Port of L.A. asks Swift, other carriers for Clean Truck cash refund

| 6/8/2011

In the end, those millions of dollars in free money for a few major motor carriers did have strings attached.

The Port of Los Angeles distributed $44 million in incentive checks as part of its Clean Truck Program by 2009 to pay for new trucks that meet 2007 emissions rules. Now, the port is asking for refunds after several megacarriers didn’t hold up their end of the deal.

The port has identified six companies that didn’t meet its obligations of making at least 150 trips a year, and is asking those companies to refund a portion of the incentives back.

Swift Transportation received $8.24 million in one check, and reportedly $11.8 million in total in the program, and a report sent to Land Line Magazine from the L.A. port shows Swift will owe $1.46 million.

Swift Vice President Dave Berry told Land Line the company had no comment.

The incentive funds could have been used to subsidize trucks that were in turn leased to truck drivers, said Joe Rajkovacz, OOIDA regulatory affairs director.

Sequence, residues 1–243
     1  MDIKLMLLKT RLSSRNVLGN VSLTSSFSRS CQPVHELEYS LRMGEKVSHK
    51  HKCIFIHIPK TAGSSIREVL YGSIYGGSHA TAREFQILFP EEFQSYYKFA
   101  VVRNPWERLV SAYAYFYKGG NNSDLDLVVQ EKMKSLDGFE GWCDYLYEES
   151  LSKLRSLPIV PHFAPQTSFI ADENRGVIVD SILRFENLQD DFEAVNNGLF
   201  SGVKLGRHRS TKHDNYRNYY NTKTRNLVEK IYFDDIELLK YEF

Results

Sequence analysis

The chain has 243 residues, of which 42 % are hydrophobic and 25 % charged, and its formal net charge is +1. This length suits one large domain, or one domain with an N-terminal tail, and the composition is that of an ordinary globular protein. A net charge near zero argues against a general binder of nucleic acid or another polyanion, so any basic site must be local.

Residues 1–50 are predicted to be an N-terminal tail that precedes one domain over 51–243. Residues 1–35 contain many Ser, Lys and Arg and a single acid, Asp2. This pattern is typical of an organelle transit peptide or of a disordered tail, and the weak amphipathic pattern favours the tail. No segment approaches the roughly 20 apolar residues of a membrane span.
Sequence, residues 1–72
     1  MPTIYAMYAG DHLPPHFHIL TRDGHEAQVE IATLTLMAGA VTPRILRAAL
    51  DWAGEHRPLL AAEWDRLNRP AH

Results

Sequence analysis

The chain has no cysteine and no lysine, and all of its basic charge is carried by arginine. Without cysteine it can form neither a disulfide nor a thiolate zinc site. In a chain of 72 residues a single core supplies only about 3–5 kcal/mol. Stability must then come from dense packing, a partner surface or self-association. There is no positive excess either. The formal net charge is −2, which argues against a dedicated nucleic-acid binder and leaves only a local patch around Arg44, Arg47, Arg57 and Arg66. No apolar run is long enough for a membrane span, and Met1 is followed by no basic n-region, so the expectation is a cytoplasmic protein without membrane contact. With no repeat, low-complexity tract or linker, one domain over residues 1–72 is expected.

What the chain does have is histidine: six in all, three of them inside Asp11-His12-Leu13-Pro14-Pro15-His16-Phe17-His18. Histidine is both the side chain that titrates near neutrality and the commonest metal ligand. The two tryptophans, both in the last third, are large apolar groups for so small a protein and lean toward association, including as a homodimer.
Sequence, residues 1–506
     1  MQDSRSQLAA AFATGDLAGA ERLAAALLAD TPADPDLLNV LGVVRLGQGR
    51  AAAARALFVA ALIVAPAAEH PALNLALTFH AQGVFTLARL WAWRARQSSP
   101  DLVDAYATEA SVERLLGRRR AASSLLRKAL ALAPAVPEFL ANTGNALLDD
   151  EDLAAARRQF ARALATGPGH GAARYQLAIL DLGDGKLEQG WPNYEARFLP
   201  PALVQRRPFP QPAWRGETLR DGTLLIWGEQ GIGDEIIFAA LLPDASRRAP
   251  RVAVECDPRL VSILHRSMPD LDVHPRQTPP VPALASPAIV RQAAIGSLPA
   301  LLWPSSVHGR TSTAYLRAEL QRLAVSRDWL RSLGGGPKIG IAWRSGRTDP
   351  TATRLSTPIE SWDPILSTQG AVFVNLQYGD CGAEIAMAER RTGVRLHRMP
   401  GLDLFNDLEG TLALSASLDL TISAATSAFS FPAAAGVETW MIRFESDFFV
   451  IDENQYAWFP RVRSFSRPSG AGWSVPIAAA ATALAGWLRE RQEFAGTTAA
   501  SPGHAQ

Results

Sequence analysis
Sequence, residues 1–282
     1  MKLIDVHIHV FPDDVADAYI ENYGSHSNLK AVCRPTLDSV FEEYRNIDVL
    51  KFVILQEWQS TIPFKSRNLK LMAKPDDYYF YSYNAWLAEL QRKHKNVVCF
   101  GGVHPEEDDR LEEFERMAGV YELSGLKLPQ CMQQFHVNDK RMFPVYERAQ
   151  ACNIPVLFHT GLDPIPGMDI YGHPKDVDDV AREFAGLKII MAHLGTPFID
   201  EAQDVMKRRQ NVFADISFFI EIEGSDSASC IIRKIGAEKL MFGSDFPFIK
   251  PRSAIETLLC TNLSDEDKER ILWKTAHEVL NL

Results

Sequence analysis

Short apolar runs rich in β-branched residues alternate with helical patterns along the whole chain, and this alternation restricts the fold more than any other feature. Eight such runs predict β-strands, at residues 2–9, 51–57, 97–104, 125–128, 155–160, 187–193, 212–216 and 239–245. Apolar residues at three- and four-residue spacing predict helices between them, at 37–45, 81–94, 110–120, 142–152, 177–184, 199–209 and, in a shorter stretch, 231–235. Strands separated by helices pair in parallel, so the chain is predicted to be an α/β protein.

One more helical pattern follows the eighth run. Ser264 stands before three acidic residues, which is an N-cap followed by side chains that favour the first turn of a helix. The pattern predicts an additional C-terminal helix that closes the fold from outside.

“It makes me wonder if the motor carriers will make those unlucky to have leased the affected trucks pay for that mistake by withholding pay from them,” Rajkovacz said. “We’ve been to this rodeo before.”

Meyer Trucking Inc. owes $80,000, and Central Cal Transportation owes $16,000, the report shows.

In May 2010, the Port of Los Angeles Harbor Commission was told by staff members that only 30 percent of the 2,000 trucks issued under the Truck Replacement Program as part of the Port’s Clean Trucks Program will meet incentive requirements of 300 trips per year. Nearly 400 trucks never made a single drayage haul.

Port staff gave commissioners several options for lowering the requirement of port trips, including the “preferred option” of 150 trips required annually. Seventy percent of the 2,000 trucks would probably make that goal, Los Angeles Captain of the Port John Holmes said.

After the port adjusted the requirements and allowed motor carriers to prove they’d made more trips, the number of carriers who owed refunds was reduced to six.